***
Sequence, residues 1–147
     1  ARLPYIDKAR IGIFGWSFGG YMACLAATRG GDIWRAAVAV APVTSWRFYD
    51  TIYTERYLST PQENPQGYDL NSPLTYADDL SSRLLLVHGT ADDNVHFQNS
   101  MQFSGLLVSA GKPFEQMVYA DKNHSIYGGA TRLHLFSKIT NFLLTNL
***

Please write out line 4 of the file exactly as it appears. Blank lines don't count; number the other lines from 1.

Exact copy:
   101  MQFSGLLVSA GKPFEQMVYA DKNHSIYGGA TRLHLFSKIT NFLLTNL